Former FBI agent, so-called mastermind behind the 1972 Watergate robbery, author, activist, and popular radio show host G. Gordon Liddy died March 30, aged 90. To say he was controversial would do the man a disservice. For more than five decades, Liddy built a reputation for fearlessness and bold thinking. In the end, he forever will be remembered as “the guy who did not talk.”
His role as a political operative for President Richard Nixon is now the stuff of legend. He spent more than four years in prison for his role in planning the Watergate burglary and the Pentagon Papers break-in, with more than 100 days of his term in solitary confinement. He would always remain proud of the fact that he did not break. In later years, he even said, “I’d do it again for my president.”
Liddy’s 20-year prison sentence was commuted by President Jimmy Carter in April 1977. It was from here that Liddy began the slow process of remaking himself as a prolific writer, in-demand speaker, actor, professional talk show guest, and successful syndicated radio host for Radio America.
Nixon described Liddy as “the most dangerous man in America,” which lent his later ideas and controversial statements even greater weight. As part of Nixon’s White House “Plumber’s Unit,” he hatched plans and proposed escapades that included bombings, kidnappings, and, of course, the now-infamous burglaries that led to his conviction. Liddy’s cohorts in the Watergate scandal were deeply tied to the Bay of Pigs invasion in Cuba in 1961, and rumors that he himself was involved have persisted ever since.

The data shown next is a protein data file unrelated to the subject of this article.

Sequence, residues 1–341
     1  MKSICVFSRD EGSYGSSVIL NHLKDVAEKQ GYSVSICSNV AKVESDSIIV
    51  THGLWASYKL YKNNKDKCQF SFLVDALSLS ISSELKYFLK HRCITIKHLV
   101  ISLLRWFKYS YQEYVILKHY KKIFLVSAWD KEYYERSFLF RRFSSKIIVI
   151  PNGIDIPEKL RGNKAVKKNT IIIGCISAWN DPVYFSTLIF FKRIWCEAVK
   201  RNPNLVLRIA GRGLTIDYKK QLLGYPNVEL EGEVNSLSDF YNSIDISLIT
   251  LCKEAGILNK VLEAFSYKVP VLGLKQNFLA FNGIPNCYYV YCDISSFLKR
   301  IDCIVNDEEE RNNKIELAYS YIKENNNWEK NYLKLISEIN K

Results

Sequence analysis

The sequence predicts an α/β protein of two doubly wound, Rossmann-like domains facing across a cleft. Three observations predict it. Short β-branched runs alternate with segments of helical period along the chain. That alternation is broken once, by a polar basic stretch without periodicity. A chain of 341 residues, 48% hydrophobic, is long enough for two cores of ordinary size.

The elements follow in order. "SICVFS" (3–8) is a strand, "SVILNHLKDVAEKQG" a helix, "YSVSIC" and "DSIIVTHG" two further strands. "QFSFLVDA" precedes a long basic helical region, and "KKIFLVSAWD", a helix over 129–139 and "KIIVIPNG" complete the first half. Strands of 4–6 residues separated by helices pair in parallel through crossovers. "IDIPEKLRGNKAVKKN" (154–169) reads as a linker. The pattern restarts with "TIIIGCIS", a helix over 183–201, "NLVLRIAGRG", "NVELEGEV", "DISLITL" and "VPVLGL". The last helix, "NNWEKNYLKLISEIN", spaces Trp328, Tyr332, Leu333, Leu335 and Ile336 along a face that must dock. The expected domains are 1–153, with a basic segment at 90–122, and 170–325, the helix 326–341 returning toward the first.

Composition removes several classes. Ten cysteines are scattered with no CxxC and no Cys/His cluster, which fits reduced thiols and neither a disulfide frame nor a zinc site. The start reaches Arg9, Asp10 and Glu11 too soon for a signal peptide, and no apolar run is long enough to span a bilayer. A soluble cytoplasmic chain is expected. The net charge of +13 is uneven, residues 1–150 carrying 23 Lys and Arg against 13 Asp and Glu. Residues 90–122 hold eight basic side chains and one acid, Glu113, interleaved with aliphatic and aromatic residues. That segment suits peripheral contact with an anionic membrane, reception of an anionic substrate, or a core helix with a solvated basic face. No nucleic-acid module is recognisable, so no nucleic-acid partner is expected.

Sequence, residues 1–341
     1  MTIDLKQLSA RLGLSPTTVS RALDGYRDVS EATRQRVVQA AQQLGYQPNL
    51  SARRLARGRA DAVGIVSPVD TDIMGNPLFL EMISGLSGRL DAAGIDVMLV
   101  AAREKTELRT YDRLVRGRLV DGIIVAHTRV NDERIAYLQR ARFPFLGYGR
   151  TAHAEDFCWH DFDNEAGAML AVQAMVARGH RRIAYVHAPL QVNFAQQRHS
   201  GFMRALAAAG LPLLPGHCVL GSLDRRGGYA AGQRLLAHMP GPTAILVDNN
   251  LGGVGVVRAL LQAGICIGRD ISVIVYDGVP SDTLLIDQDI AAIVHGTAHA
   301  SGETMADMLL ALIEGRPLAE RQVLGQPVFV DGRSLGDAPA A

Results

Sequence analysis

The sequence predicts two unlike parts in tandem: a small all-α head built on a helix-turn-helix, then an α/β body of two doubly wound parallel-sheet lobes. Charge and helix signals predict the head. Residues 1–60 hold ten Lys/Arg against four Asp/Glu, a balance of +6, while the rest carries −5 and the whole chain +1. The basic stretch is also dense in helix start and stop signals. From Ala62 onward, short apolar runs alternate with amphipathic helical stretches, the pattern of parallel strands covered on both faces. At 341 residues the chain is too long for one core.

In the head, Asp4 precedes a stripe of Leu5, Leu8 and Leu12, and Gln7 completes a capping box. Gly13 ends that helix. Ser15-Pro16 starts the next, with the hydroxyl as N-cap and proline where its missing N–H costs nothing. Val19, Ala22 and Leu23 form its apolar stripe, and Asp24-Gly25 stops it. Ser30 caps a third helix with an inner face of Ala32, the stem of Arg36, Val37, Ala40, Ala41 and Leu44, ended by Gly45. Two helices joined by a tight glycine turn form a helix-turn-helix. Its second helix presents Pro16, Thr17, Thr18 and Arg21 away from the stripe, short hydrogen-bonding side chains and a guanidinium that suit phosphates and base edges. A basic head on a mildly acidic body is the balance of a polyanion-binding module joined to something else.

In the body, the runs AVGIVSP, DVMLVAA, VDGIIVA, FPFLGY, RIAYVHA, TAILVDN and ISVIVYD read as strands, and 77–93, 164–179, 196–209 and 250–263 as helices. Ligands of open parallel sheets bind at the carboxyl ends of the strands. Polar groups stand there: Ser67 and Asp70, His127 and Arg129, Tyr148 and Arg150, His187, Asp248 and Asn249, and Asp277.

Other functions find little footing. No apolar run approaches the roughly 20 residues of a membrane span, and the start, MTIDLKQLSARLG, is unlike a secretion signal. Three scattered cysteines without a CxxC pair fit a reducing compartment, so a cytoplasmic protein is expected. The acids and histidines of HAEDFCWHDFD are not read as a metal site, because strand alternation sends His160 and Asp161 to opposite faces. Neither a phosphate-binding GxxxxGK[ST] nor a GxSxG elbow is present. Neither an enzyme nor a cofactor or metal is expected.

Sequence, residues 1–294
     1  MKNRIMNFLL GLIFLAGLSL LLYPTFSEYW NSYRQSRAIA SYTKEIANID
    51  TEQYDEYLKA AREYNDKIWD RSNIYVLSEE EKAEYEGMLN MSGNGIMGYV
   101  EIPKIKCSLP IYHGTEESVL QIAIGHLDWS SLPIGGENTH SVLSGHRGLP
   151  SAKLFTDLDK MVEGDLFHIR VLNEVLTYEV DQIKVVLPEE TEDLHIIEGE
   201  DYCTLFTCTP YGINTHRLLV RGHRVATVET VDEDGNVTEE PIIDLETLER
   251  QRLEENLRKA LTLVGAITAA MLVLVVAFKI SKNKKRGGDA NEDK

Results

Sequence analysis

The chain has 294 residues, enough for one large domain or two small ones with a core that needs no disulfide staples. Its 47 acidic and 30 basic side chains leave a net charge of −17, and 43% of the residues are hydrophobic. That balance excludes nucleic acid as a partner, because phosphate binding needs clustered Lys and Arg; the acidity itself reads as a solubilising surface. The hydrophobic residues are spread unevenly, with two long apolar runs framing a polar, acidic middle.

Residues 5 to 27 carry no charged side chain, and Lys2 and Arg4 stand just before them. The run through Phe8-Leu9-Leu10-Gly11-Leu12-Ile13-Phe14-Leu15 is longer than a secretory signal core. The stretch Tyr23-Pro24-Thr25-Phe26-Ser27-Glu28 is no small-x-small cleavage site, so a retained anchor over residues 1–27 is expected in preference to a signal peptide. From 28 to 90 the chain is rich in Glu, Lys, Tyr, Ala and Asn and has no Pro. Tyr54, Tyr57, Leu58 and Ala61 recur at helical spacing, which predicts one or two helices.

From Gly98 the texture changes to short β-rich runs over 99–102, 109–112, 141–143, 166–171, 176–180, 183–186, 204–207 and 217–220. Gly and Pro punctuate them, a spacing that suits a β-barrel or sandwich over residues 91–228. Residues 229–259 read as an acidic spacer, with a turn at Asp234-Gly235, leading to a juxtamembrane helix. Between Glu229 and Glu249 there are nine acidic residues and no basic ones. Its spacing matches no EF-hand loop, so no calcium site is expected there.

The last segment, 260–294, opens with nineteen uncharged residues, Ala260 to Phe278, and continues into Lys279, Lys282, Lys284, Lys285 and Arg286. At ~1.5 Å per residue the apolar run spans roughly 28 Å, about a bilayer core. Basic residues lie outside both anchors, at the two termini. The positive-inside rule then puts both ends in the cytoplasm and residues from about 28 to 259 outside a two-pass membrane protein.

In a 1994 interview for a documentary about Watergate, Liddy showed yet again that he was fearless in the face of recrimination. He described how he was “ready, if ordered, to go straight out and kill Jack Anderson, the Washington D.C. columnist.” Anderson won a Pulitzer Prize for his investigative work on the secret policy meetings between the United States and Pakistan. In a phrase sure to be reminiscent of King Henry II talking about Archbishop of Canterbury, Thomas Beckett (“Will no one rid me of this turbulent priest?”), Liddy was ready to go after the reporter when Nixon said, “We need to get rid of this Anderson guy.”
Liddy remained unapologetic for who he was and what he did. And this was perhaps at the heart of his public rehabilitation. Refusing to cower or beg for forgiveness often shows strength of character –and he had that in spades.
Liddy’s life proved true the words he wrote in his autobiography, Will. “If an entire nation could be changed, lifted out of weakness to extraordinary strength, so could one person.” From the depths of prison to his incredible career heights, he demonstrated what could be achieved through willpower and conviction.
He is survived by his five children.
Read more from Mark Angelides.